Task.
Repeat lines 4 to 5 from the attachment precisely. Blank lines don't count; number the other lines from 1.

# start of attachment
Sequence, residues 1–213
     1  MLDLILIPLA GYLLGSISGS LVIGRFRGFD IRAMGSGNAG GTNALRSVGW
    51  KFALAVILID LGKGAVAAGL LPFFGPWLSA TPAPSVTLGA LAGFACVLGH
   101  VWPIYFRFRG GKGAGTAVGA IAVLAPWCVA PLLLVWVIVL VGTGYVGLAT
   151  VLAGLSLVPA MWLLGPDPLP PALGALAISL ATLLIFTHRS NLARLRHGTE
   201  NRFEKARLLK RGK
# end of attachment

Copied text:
   101  VWPIYFRFRG GKGAGTAVGA IAVLAPWCVA PLLLVWVIVL VGTGYVGLAT
   151  VLAGLSLVPA MWLLGPDPLP PALGALAISL ATLLIFTHRS NLARLRHGTE